The final chapter examines how to manage and counter functional stupidity in the workplace, and begins by restating the stupidity paradox which presents managers and leaders with a trade-off: ‘Do they want more stupidity and functionality, or do they want more smartness and less functionality?’ (p 213) For Alvesson and Spicer the key to balancing this out is a virtue defined by the poet John Keats: negative capability. This is the ability to be in ‘uncertainties, mysteries, doubts without any irritable reaching after fact and reason’ (p 223). They see living critically with uncertainty as essential to any thriving organization and identify three skills for anyone seeking to do this. They need to provide: a) sharp observations, b) good interpretations, and c) critical questions. In addition they provide some helpful strategies for dispelling stupidity but warn: ‘Doing anti-stupidity management is not easy or uncontroversial. Often it can be dangerous and even career-limiting’ (p 234).
I found this a stimulating and thought-provoking volume with some valuable insights into how organizations face the challenge of balancing stability and change. Of course, stupidity is a deliberately loaded term and it may not be the most helpful one here, but The Paradox of Ritual or The Paradox of Habit would not have the same eye-catching quality as alternative titles. At one level this is an examination of how the process identified in Ritzer’s thesis about the McDonaldisation of society has continued to multiply over the past twenty-five years. It is important to be reminded that challenge has not disappeared and the authors have several useful suggestions on how to resist this process (pp 229-40).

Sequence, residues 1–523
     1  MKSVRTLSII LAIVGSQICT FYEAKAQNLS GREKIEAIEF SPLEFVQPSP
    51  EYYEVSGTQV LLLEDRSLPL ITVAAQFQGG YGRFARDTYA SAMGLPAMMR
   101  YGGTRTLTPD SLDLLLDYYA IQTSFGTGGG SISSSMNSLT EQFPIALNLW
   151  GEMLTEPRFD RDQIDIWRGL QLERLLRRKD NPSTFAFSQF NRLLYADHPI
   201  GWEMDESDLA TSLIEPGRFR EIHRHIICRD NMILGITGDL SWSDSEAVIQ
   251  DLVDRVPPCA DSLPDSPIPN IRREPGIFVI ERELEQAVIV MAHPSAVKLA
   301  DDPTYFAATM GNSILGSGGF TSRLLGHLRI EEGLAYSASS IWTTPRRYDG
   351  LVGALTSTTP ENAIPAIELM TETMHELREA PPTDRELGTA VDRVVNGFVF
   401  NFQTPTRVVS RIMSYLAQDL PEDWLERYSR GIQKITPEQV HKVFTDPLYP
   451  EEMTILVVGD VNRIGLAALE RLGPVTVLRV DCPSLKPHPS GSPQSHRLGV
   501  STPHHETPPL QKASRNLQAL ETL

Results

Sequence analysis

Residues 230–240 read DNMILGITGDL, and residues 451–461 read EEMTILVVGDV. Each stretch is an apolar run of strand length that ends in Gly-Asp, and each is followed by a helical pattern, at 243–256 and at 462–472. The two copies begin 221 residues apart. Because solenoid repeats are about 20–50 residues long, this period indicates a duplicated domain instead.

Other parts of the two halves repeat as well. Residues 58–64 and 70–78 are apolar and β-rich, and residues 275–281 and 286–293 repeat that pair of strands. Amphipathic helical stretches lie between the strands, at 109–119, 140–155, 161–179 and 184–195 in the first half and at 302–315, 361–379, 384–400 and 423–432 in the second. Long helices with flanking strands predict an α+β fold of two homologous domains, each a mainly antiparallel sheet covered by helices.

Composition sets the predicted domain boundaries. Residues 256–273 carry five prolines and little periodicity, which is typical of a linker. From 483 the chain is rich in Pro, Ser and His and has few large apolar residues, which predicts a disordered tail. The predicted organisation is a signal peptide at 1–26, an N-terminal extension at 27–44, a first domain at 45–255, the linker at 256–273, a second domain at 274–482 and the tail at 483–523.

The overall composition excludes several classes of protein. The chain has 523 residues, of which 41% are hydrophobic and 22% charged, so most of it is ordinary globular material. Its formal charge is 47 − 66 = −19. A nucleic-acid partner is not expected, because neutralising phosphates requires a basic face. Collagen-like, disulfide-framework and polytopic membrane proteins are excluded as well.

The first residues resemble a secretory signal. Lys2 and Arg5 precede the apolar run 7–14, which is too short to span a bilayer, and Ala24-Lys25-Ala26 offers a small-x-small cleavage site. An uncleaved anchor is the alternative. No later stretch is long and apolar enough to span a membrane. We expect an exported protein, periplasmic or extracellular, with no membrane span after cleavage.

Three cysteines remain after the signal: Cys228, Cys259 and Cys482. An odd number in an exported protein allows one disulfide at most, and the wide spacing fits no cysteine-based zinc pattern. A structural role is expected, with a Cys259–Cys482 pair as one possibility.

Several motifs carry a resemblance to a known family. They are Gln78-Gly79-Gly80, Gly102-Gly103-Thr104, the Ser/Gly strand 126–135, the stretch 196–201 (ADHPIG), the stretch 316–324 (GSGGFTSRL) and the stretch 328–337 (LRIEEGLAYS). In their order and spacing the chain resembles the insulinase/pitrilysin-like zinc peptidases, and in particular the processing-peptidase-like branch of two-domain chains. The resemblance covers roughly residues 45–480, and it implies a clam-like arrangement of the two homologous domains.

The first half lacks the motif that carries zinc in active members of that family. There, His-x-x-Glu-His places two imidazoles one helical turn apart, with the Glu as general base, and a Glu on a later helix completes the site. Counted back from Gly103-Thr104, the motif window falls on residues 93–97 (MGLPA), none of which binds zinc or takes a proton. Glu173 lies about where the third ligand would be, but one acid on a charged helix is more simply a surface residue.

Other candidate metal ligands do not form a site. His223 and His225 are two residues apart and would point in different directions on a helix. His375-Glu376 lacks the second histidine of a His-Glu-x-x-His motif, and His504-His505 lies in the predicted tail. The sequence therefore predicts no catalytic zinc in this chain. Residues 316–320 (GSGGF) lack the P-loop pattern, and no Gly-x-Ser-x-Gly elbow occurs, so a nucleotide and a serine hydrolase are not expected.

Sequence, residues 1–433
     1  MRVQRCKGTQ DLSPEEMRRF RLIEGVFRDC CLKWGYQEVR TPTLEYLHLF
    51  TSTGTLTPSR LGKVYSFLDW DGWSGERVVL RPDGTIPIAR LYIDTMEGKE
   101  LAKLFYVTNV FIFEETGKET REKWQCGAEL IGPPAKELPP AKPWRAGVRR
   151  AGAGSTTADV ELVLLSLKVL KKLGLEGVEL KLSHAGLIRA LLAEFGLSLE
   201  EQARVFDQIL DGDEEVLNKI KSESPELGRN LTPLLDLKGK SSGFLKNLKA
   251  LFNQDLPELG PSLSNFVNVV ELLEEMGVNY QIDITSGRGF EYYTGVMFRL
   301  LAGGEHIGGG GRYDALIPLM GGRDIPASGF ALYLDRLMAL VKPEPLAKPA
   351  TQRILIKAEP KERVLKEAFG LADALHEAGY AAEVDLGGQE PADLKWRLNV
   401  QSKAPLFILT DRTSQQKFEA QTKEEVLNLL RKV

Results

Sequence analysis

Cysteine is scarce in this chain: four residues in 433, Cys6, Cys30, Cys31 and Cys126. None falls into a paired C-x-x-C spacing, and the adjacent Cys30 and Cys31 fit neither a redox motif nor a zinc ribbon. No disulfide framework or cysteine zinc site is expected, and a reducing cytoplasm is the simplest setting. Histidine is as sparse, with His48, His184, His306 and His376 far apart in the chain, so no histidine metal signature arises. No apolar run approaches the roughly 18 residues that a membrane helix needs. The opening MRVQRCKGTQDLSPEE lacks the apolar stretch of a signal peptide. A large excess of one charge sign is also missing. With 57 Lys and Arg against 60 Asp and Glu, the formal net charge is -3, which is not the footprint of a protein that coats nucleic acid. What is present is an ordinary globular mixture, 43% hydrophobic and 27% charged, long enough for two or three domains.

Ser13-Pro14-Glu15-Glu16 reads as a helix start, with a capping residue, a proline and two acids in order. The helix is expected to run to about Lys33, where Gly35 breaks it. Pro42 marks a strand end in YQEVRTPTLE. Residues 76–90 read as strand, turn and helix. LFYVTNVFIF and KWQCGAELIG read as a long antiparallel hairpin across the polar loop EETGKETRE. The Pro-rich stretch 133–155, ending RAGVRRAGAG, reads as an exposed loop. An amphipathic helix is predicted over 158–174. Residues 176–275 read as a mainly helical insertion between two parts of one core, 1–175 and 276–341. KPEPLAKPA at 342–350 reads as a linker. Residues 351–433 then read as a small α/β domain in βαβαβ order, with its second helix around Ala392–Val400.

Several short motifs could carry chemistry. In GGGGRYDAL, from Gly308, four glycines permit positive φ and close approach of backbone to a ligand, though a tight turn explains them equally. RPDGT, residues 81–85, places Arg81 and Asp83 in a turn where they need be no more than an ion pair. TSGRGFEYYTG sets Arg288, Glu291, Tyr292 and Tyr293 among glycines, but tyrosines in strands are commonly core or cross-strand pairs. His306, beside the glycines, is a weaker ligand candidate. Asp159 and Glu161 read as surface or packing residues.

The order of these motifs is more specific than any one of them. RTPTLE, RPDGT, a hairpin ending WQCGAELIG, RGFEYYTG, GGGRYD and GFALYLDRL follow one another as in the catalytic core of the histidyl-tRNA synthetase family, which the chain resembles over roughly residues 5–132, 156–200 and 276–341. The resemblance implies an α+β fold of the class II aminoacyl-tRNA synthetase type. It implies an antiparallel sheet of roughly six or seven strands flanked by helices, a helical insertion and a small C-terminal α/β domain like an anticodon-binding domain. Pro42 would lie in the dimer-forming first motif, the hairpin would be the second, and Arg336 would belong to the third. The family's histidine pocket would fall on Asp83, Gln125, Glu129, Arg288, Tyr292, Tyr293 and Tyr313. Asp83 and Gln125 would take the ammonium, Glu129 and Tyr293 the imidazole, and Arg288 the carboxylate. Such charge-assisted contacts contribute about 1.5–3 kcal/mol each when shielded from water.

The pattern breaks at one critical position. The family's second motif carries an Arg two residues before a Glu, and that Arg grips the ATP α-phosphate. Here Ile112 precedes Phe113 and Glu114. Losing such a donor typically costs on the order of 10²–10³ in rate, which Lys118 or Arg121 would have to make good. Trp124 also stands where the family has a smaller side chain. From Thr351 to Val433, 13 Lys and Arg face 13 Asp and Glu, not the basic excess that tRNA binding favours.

Religion and religious organizations do not play a significant role in the book itself, but certain ideas and vocabulary from the religious world do find their way into the text. At one point religious dogmatism seems to be equated with stupidity (p 40); the church can provide a counterpoint to occupational stupidity (p 79); the contemporary devotion to leadership has a religious quality to it (p 111); people exhibit faith in an organization’s myths (p 139); organizations have ceremonies (p 161) and brands are sacred (p 177); the process of de-stupidification will require the dropping of certain myths (p 222). In addition, we know from the work of writers like John Drane and Graeme Fancourt that the Church is by no means exempt from the pressures of McDonaldisation and branding. This volume renews the challenge to churches that they need to be open to what Alvesson and Spicer call ‘the paradox of stupidity’ and be ready to continuously question their own habits of organizational behaviour.
Vaughan S. Roberts is Team Rector of Warwick, and a contributor to M. Izak, L. Hitchin & D. Anderson (eds) Untold Stories in Organizations (Guilford Press) and J. Nelson (ed.) How to Become a Creative Church Leader (Canterbury Press).
This review is scheduled to appear in MODEM Matters Issue 33 in Autumn 2016.